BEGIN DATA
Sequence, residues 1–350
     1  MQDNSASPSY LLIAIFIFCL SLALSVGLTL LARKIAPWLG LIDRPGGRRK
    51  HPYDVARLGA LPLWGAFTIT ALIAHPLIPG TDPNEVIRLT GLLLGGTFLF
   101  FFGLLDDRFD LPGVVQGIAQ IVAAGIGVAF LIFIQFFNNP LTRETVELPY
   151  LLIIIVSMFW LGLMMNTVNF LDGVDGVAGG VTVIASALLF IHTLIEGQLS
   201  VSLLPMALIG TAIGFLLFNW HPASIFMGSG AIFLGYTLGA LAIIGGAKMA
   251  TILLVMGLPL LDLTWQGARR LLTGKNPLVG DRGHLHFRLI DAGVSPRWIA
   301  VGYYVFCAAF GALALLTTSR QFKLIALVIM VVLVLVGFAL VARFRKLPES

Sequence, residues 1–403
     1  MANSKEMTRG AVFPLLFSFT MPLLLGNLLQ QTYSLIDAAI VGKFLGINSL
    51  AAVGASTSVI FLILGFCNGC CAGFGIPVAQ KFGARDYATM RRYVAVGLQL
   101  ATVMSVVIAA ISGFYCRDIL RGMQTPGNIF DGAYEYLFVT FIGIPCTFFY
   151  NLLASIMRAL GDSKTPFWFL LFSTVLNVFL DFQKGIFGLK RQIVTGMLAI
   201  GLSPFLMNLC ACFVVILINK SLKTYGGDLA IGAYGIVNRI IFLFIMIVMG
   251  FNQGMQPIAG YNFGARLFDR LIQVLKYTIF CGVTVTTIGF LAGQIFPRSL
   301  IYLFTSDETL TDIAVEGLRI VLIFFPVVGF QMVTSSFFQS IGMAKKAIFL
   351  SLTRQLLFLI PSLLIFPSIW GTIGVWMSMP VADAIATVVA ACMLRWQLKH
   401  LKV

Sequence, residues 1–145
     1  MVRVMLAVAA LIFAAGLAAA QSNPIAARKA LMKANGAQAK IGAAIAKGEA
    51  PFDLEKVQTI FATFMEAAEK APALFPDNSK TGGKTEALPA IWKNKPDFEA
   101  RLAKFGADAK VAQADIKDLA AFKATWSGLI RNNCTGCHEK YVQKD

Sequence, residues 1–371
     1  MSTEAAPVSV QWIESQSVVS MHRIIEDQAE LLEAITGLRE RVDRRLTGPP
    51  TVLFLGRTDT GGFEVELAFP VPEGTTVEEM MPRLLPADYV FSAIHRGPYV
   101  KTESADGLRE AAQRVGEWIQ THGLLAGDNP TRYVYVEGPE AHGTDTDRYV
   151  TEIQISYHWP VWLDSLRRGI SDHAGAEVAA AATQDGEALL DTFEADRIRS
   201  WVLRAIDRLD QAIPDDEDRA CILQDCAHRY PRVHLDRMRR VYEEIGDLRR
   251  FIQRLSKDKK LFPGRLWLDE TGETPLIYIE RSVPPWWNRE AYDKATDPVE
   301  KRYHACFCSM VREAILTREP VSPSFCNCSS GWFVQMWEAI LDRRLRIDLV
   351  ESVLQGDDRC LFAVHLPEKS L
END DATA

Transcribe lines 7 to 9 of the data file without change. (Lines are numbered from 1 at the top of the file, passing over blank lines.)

   251  TILLVMGLPL LDLTWQGARR LLTGKNPLVG DRGHLHFRLI DAGVSPRWIA
   301  VGYYVFCAAF GALALLTTSR QFKLIALVIM VVLVLVGFAL VARFRKLPES

Sequence, residues 1–403